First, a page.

Burkina Faso has undertaken the reform of the labor policy in order to make to make the labor market more flexible and ensure social justice including workers' safety and health. In May 2008, the national Assembly adopted the new Labor Code to better protect workers. In a press conference on October 3, the Minister of Labor and Social Security, Jerome Bougouma, mentioned innovations in the Labor Code that contributed in ranking Burkina Faso as one of the best reformers in the world. According to Minister Bougouma, hiring conditions and social liberties have been improved. Bougouma also cited such examples as increased flexibility for labor agreements, limitations on damages and interest, redefinition of strike conditions, and retirement eligibility for all workers (including day laborers). Social security services have now been extended to include independent workers.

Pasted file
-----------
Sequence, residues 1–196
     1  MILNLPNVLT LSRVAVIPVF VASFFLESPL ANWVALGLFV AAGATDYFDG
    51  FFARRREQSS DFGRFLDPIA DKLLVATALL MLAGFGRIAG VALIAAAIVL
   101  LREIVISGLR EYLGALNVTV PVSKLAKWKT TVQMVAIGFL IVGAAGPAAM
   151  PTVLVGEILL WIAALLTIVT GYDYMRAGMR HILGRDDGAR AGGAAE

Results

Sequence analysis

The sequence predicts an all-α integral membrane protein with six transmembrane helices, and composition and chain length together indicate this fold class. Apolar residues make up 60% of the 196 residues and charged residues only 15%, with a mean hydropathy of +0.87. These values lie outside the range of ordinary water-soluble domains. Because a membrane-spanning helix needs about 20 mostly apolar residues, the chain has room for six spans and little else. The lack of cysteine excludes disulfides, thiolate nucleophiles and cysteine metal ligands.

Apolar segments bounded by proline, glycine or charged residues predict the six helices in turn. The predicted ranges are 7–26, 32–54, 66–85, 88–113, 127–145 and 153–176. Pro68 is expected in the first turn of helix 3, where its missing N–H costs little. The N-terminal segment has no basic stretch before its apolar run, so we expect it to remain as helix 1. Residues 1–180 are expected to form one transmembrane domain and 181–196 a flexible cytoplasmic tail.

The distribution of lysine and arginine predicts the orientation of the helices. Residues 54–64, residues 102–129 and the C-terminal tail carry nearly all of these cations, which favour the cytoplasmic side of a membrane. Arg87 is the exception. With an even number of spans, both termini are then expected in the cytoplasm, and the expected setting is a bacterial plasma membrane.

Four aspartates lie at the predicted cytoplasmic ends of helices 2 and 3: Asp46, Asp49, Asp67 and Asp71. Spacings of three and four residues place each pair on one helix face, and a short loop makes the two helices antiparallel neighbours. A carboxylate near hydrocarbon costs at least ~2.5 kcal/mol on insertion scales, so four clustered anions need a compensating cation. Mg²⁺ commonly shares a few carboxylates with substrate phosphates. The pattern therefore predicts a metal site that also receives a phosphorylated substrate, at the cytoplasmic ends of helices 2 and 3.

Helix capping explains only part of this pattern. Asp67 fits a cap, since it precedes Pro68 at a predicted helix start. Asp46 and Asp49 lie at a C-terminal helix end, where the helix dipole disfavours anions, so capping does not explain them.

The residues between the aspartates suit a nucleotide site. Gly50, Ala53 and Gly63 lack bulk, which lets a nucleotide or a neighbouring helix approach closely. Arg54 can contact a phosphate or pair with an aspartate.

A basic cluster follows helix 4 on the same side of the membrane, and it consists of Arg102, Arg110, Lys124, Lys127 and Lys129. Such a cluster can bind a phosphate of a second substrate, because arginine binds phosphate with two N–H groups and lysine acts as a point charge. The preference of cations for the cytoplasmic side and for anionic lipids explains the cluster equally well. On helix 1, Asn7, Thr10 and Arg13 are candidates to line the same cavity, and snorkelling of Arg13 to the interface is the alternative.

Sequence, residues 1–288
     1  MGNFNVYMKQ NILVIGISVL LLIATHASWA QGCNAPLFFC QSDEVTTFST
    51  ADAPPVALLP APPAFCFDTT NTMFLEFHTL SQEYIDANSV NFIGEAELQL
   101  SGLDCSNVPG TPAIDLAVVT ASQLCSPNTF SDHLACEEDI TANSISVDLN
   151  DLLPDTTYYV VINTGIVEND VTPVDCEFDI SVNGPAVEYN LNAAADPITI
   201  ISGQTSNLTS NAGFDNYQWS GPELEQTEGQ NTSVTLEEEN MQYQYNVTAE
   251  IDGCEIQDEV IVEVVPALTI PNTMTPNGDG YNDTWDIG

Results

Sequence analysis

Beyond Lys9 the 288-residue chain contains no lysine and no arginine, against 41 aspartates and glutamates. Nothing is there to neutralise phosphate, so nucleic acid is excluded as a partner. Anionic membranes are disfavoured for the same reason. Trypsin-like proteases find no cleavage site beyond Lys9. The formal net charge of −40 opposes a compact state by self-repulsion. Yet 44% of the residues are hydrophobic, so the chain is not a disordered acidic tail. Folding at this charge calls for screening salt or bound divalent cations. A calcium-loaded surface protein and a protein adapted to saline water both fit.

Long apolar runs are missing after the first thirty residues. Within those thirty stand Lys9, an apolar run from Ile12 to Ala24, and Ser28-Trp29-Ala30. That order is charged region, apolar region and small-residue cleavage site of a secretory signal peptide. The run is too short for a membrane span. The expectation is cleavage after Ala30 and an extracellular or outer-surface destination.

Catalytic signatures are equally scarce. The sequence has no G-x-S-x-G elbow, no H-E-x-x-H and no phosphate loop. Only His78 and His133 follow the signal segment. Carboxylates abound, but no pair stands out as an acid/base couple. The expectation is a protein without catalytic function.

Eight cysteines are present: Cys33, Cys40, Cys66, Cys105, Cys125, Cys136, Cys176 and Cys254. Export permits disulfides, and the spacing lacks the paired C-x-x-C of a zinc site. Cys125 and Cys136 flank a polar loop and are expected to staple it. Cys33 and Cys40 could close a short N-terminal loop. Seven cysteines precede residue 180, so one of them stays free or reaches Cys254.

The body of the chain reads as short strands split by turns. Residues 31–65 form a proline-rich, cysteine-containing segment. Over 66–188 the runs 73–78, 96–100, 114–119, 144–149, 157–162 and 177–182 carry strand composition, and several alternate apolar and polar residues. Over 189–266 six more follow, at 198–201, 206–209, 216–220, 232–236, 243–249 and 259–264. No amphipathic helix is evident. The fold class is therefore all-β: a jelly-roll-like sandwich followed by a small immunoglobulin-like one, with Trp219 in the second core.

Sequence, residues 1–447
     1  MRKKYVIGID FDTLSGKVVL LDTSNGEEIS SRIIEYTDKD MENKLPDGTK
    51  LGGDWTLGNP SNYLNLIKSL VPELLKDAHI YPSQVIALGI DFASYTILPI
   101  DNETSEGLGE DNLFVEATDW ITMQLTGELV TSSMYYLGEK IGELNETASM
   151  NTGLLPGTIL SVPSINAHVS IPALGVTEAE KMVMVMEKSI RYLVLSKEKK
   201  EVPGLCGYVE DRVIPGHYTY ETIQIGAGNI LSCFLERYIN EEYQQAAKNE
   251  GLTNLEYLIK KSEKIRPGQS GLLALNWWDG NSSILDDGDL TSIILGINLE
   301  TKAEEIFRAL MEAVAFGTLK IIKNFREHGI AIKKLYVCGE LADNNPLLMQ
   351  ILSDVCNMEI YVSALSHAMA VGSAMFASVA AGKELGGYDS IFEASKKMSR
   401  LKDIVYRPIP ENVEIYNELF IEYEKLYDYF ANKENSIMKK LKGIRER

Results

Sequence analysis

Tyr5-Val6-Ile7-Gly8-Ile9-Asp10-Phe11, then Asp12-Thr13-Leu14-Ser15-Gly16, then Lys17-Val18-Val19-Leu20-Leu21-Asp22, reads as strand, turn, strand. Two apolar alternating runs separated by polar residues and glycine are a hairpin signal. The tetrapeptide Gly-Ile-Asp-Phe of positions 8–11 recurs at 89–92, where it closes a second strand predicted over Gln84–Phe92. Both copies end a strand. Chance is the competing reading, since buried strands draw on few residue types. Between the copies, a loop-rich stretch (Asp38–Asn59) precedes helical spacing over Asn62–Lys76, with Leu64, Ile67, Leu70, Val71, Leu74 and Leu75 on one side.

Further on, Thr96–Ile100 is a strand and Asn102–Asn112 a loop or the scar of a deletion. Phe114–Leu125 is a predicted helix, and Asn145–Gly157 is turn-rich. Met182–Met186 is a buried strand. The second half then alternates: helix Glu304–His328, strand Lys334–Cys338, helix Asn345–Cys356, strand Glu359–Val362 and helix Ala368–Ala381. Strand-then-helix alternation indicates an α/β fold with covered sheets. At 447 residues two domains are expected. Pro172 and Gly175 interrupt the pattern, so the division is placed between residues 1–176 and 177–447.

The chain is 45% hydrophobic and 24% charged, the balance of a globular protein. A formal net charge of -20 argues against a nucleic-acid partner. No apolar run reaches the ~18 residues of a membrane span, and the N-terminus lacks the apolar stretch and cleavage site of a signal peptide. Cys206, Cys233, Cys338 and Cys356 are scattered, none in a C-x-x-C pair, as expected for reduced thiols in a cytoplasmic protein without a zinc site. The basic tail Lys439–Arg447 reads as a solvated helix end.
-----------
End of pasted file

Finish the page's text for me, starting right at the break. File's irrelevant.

Foreign-Trade Zones/Free Ports
There are no foreign trade zones or free ports in Burkina Faso. The Burkinabe Investment Code prohibits discrimination against foreigners. American firms not registered in Burkina Faso can compete for contracts on projects financed by international sources such as the World Bank, U.N. organizations, or the African Development Bank.
Foreign Direct Investment in Burkina
French, Indian, Canadian, Belgian, and American investors have established greenfield firms and obtained enterprises through acquisition. French investment in Burkina Faso accounts for about 70 percent of total foreign direct investment. Partially French-owned firms include CFAO, DAGRIS, CASTEL, TOTAL, BOLORE, SOUCOM, and SOUSICOM, which is the largest foreign investor in Burkina Faso.